The near-infrared GRAVITY instrument has become a fully operational spectro-imager, while expanding its capability to support astrometry of the key Galactic Centre science. The mid-infrared MATISSE instrument has just arrived on Paranal and is starting its commissioning phase. NAOMI, the new adaptive optics for the Auxiliary Telescopes, is about to leave Europe for an installation in the fall of 2018. Meanwhile, the interferometer infrastructure has continuously improved in performance, in term of transmission and vibrations, when used with both the Unit Telescopes and Auxiliary Telescopes. These are the highlights of the last two years of the VLTI 2nd generation upgrade started in 2015.
ESO is undertaking a large upgrade of the infrastructure on Cerro Paranal in order to integrate the 2nd generation of interferometric instruments Gravity and MATISSE, and increase its performance. This upgrade started mid 2014 with the construction of a service station for the Auxiliary Telescopes and will end with the implementation of the adaptive optics system for the Auxiliary telescope (NAOMI) in 2018. This upgrade has an impact on the infrastructure of the VLTI, as well as its sub-systems and scientific instruments.
At Paranal Observatory in the YEPUN (UT4) telescope, two instruments are installed and equipped
with adaptive optics systems: an infrared spectro imager (CONICA) below the adaptive optics
module NAOS; and an integral field spectrograph (SINFONI). In the same telescope, the Laser
Guide Star Facility (LGSF) is installed to provide a reference star to the adaptive optics systems. The
LGSF is tuned to the sodium D2 line to use the resonance fluorescence of atomic sodium in the
mesospheric layer at an altitude of 90 Km.
The LGSF system has been fully operational for several years now. During this time, important
modifications have been made to the system to increase its availability, simplify its remote operation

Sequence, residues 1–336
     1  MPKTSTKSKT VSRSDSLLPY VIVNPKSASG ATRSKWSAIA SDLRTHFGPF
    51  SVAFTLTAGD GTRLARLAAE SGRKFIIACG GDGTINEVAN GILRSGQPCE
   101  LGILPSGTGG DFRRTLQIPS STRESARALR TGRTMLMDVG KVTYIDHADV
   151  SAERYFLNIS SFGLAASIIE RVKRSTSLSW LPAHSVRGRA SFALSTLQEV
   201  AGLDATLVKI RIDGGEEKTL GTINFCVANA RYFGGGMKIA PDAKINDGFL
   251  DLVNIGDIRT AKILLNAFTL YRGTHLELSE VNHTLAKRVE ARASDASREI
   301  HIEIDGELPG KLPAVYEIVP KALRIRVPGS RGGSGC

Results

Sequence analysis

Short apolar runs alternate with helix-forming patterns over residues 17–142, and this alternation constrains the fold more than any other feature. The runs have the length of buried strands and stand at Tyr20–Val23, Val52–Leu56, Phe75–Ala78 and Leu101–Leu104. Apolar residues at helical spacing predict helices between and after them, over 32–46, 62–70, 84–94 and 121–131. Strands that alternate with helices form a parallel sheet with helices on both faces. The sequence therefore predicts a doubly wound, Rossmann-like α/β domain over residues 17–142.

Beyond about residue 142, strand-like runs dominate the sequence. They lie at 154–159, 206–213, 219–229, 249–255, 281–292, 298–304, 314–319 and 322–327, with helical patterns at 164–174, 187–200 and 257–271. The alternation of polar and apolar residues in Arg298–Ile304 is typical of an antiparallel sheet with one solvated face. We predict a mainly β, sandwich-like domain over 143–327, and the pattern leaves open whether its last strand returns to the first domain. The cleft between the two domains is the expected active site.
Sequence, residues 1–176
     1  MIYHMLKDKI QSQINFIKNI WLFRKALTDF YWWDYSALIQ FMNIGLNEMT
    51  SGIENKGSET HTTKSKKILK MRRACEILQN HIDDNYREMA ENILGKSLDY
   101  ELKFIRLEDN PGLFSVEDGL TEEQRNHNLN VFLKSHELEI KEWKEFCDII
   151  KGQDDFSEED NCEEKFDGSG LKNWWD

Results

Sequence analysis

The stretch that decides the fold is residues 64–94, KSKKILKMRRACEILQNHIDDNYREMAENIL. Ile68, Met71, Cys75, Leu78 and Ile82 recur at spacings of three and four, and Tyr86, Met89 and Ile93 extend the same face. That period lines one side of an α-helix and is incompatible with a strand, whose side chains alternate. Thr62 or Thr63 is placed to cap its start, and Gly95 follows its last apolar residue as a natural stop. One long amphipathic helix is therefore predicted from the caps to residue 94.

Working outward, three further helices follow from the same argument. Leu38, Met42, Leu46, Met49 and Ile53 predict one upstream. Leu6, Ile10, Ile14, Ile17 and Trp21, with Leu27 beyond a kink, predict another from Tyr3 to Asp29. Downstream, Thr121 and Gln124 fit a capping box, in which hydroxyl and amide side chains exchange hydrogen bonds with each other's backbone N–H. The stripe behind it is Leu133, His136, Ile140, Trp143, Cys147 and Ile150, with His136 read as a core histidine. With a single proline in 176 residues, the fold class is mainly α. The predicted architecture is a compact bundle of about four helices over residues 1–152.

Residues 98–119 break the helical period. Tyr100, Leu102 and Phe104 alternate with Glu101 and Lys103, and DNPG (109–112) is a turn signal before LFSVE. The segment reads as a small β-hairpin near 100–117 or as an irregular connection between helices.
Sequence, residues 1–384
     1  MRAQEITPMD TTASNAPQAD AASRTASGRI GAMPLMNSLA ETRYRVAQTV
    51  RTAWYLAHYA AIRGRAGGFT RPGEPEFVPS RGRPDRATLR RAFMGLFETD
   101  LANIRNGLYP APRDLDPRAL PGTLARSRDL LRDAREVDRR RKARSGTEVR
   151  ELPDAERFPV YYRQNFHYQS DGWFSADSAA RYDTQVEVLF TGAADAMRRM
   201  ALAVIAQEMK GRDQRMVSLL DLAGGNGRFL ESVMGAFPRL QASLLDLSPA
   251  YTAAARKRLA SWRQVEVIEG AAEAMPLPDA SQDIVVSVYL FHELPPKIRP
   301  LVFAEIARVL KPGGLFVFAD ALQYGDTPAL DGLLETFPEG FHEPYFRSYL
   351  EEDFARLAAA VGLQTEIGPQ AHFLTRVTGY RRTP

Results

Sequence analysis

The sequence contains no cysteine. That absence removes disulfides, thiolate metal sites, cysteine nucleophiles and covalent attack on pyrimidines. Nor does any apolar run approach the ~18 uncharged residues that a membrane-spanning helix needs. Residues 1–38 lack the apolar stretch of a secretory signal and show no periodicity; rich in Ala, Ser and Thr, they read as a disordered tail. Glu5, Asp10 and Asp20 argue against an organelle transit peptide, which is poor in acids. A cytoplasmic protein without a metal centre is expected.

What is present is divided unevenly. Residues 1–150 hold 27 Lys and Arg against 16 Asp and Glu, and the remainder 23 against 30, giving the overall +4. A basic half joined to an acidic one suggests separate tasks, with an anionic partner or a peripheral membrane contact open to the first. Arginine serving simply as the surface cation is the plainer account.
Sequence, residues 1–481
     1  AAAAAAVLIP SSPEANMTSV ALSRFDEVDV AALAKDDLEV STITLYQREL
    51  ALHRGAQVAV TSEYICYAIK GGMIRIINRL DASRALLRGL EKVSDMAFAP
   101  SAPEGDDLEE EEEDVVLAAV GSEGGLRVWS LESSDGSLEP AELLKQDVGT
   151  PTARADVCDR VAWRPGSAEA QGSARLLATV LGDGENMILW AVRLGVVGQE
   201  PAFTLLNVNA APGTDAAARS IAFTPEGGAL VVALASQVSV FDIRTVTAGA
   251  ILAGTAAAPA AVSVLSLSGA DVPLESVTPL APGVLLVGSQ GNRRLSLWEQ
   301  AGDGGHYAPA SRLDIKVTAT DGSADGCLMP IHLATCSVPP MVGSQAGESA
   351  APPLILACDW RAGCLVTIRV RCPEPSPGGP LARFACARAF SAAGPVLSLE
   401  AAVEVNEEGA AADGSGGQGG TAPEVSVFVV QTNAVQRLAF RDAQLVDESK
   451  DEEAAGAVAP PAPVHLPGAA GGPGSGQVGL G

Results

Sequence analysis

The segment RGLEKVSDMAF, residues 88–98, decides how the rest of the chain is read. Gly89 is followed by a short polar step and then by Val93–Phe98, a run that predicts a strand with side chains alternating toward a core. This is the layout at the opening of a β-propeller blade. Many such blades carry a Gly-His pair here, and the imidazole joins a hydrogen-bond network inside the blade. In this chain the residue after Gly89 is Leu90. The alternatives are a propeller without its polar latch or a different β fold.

and improve its performance.
In this contribution, we report on the latest upgrades in hardware as well as the software of the
system. Some upgrades like the exchange of the cooling system of the VERDI lasers, as well as the
exchange of motors in the PARSEC laser system, have been critical to improve the performance of
the system. We also describe the improvements in the maintenance and operation procedures and
operational constraints we have faced so far. Finally, we present and analyze the latest technical
performance achieved by the LGSF in operational conditions.
The ESO Very Large Telescope Interferometer (VLTI) offers access to the four 8 m Unit Telescopes (UT) and the four
1.8 m Auxiliary Telescopes (AT) of the Paranal Observatory located in the Atacama Desert in northern Chile. The fourth
AT has been delivered to operation in December 2006, increasing the flexibility and simultaneous baselines access of the
VLTI. Regular science operations are now carried on with the two VLTI instruments, AMBER and MIDI. The FINITO
fringe tracker is now used for both visitor and service observations with ATs and will be offered on UTs in October
2008, bringing thus the fringe tracking facility to VLTI instruments. In parallel to science observations, technical periods
are also dedicated to the characterization of the VLTI environment, upgrades of the existing systems, and development
of new facilities. We will describe the current status of the VLTI and prospects on future evolution.
Two teams of scientists and engineers at Max Planck Institut fuer Extraterrestrische Physik and at the European Southern Observatory have joined forces to design, build and install the Laser Guide Star Facility for the VLT.
The Laser Guide Star Facility has now been completed and installed on the VLT Yepun telescope at Cerro Paranal. In this paper we report on the first light and first results from the Commissioning of the LGSF.